I admitted I was powerless over the internet…

LikeI’m back at Step One. Again.

Step One of the Twelve Steps of Alcoholics Anonymous is: “We admitted we were powerless over alcohol, and that our lives had become unmanageable”. We all have different poisons. You might want to swap out the word alcohol for food, or other people, or shopping.

My favourite compulsions include sugar and overwork, but as they suggest in the fellowships, you focus first on the one that’s killing you the most quickly. I’m lucky in that my internet use doesn’t cause direct problems with my health, bank balance or the law, but it does affect me profoundly.

It distracts me from the people who are physically present, as I scroll on my phone rather than listening to my husband or stroking my cat. Every time I look online, I’m knocked from a spacious, grounded place to a scattered, hepped up state. The little hits of dopamine I get from Facebook notifications are reinforcing the wrong idea that I need to be affirmed in order to be valuable or loved. I wake up to email, and close my eyes at the end of the day with the glow of the screen still lingering.

In short, my current use of the internet is taking me further away from the life I want to live. I am not in control of it, and it is making my life unmanageable.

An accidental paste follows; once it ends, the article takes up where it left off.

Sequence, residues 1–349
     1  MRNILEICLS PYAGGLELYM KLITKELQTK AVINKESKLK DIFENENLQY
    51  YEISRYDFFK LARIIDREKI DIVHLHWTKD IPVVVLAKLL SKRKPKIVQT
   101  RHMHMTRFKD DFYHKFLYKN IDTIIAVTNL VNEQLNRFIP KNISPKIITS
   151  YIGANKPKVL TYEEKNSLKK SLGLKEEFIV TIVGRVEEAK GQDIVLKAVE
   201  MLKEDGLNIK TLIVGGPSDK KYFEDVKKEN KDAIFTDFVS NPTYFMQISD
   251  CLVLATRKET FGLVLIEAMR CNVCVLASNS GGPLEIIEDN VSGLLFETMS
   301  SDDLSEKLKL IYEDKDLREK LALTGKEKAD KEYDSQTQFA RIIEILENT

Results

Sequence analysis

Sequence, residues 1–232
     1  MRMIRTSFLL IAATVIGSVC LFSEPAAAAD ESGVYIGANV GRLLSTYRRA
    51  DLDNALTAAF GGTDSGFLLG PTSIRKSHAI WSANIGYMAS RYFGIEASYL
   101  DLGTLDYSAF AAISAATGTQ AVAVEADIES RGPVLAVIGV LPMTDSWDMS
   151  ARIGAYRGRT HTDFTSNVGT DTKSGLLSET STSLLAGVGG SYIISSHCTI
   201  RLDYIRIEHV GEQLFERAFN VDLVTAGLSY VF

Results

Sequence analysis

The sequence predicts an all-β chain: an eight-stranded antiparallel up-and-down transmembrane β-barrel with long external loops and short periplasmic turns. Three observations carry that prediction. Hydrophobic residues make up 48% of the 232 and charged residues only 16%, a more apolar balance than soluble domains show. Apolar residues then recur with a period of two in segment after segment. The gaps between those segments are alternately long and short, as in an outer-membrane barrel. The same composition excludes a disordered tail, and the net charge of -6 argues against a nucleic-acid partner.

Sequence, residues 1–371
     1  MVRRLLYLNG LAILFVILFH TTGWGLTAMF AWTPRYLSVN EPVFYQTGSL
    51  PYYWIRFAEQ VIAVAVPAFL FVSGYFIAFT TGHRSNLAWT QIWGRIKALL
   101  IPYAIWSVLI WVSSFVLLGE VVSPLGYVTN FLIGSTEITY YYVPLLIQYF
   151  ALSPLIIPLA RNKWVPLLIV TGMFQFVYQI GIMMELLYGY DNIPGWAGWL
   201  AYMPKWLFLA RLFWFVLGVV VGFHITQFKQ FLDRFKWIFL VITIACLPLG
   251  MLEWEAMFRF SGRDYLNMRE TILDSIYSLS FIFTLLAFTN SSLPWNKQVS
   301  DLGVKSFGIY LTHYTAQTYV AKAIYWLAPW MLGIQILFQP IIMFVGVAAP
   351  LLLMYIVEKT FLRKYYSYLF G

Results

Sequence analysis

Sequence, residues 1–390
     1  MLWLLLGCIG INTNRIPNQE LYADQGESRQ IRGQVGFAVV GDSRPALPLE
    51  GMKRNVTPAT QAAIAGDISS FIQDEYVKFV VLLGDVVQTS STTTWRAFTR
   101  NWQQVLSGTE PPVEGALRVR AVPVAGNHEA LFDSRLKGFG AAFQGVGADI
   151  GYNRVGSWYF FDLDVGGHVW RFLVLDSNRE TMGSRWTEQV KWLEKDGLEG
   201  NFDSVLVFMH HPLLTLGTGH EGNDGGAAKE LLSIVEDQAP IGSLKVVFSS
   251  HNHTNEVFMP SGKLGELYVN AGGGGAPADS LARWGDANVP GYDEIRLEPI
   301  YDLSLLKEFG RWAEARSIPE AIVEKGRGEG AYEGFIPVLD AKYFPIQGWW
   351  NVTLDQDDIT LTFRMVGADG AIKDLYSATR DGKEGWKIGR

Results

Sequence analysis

The first step is the most painful step, but in my experience it is also the one that brings the most hope. If I continue to insist to myself that I can control my internet use, that’s it’s ‘not that bad’, that it’s better to be natural than restrict myself, then I am stuck in the unmanageability. If I allow the truth of Step One to sink into my bones, then suddenly I step through into a wildflower field of opportunity – a place where I can hand my compulsion over, become abstinent, and be free.

Being free, for me, is checking email twice a day and Facebook once. It is the difference between choked, hungry days glued to the computer and my phone, and days with open swathes of time and the energy to pay attention to the subtle beauty around me.

Right now, I am going to begin my abstinence again. Maybe you’ll join me. What word do you want to swap out for alcohol? What does abstinence in your relationship with this word look like for you? What kind of freedom can you taste?


If you want to read more about the 12 Steps, go to the source, the Big Book of Alcoholics Anonymous, or try Russell Brand’s Recovery. I also write about the steps in my book What Helps: Sixty Slogans to Live By.

Photo via Pexels with gratitude.